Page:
Author Archives: klt5257

What’s the Point of Earwax?

Earwax seems kind of pointless.  I mean, we spend time poking Q-tips in our ears just to take the stuff out! And what is that stuff anyway? The ears seem like an odd body part to produce waste. But earwax isn’t waste, in fact it’s extremely important.


Cerumen, better known to us as earwax is a waxy and yellow material produced by the ear canal inside the ear. It serves a pretty important purpose too. It lubricates our ears, repels water from the inside of the ear, and acts as a stop sign to dirt, bacteria, bugs, or other materials that could find their way to your ear. Without it, our ears would be dry, itchy, and prone to infection, as happens with people who do not produce enough earwax.  After earwax does its job, it works its way to the outer ear and falls out.


Even though earwax is extremely useful, there are two different types of earwax that you could have based on your ethnicity. One is a wet and sticky type commonly found in people of European or African ancestry or a dry and flakey type commonly found in people of Eastern Asian ancestry.


Japanese researcher Kohichiro Yoshiura studied the genes from 33 different ethnic groups to single the specific gene responsible for making the earwax either wet or dry and found that the gene that makes earwax wet was not present in those of eastern Asian descent.


The only question is why this disparity exists, and scientists aren’t entirely sure. Some believe it has do as an adaptation to the cold, which I don’t believe. There are many cold places in Europe and Africa and this gene has not been adapted in either places. There is always the possibility of random genetic drift, though that tends to be the theory given to concepts without real answers.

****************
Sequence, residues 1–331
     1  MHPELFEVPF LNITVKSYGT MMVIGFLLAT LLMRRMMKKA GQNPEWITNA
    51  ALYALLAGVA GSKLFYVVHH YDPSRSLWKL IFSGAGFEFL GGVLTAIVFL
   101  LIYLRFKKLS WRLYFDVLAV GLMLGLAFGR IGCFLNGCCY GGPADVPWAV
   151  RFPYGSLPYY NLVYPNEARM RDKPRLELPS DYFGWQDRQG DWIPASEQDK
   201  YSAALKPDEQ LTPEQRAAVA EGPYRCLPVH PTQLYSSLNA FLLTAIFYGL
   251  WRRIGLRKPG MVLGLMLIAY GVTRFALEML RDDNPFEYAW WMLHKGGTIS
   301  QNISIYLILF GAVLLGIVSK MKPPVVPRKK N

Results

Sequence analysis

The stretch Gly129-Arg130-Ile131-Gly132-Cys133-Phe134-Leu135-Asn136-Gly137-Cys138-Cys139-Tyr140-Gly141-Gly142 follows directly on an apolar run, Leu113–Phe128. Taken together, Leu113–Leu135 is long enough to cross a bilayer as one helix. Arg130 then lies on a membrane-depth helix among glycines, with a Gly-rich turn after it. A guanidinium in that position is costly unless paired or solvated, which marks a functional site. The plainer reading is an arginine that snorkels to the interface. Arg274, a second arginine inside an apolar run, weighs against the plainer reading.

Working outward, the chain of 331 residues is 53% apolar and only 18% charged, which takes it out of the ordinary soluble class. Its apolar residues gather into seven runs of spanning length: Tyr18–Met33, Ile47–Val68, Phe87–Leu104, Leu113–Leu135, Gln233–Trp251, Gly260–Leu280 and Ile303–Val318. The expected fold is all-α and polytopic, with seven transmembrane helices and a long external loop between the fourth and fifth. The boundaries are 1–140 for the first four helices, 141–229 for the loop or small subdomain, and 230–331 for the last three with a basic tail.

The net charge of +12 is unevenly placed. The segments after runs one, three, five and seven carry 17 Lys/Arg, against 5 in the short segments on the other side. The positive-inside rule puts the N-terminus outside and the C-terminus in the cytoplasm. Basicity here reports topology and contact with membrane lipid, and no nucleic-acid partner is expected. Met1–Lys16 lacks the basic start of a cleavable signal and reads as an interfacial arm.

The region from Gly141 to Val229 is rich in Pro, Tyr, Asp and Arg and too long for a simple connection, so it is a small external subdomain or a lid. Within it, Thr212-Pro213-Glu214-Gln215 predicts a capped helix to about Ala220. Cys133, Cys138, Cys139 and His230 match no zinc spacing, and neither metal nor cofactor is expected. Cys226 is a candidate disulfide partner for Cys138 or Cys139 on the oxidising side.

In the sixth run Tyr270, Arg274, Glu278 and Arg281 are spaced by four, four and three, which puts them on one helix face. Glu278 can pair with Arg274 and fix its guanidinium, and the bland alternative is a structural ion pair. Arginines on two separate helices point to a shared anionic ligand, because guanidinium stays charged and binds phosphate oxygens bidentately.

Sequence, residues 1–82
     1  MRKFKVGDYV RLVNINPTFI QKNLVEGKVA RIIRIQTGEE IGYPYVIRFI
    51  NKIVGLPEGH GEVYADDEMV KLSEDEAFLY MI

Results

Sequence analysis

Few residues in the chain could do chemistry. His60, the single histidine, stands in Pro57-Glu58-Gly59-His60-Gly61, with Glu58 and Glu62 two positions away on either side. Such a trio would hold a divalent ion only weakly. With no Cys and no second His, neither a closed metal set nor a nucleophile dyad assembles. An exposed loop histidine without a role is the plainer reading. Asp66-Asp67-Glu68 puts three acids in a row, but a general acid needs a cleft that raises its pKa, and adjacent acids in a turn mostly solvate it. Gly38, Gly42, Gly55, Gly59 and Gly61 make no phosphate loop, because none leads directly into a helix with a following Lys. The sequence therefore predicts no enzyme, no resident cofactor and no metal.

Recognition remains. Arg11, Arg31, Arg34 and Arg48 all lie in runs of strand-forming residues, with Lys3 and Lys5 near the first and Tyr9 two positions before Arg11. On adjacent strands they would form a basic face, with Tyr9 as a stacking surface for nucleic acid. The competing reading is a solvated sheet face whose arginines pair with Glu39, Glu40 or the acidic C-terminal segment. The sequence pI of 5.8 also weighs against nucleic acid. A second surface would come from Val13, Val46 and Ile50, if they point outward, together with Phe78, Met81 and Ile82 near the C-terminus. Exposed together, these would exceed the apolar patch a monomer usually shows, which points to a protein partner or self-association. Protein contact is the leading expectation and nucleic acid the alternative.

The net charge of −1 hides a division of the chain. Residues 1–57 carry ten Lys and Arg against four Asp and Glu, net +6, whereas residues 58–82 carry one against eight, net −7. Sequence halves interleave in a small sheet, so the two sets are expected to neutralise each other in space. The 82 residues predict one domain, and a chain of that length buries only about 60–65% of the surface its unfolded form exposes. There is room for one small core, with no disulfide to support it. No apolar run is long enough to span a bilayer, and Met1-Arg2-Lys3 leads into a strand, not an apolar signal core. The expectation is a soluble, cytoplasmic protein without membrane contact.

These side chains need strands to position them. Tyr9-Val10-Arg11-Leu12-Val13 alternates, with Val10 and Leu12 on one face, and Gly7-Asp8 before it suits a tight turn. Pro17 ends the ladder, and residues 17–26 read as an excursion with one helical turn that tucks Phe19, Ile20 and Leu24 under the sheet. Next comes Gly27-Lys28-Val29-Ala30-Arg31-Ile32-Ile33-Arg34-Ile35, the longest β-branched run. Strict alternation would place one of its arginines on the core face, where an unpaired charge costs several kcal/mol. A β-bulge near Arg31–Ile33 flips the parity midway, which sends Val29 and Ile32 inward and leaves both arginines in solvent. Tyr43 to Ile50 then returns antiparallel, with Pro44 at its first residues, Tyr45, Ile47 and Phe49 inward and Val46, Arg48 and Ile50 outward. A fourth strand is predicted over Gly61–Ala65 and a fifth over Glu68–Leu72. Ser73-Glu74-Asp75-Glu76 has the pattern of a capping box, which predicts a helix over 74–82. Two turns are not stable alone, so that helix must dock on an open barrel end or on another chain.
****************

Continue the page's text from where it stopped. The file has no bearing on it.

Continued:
Though it may not seem important, earwax really helps us out, and it’s important that we don’t use Q-tips to try to get this stuff out. Either it will push the wax further back into the ear or will damage part of the ear. Its better to just let it be and keep your ears from getting dry. 


Does Knuckle Cracking Cause Arthritis?

We’ve all heard it: cracking your knuckles can cause arthritis. Cracking knuckles is a release of gas into the fluid surrounding the joints, which can feel relieving for the crackers. Some say, however, that doing this too often can have negative effects later in life.


One man took it upon himself to find out. Dr. Donald Ungar cracked the knuckles of his left hand at least twice a day while leaving the right hand uncracked for fifty years. At the end of the experiment, he looked at both hands and felt no difference.  While this is certainly dedication to the cause, it would be hard for the sample size to get smaller, so we can’t tell how conclusive the evidence is.  Maybe he had good genes to protect against arthritis.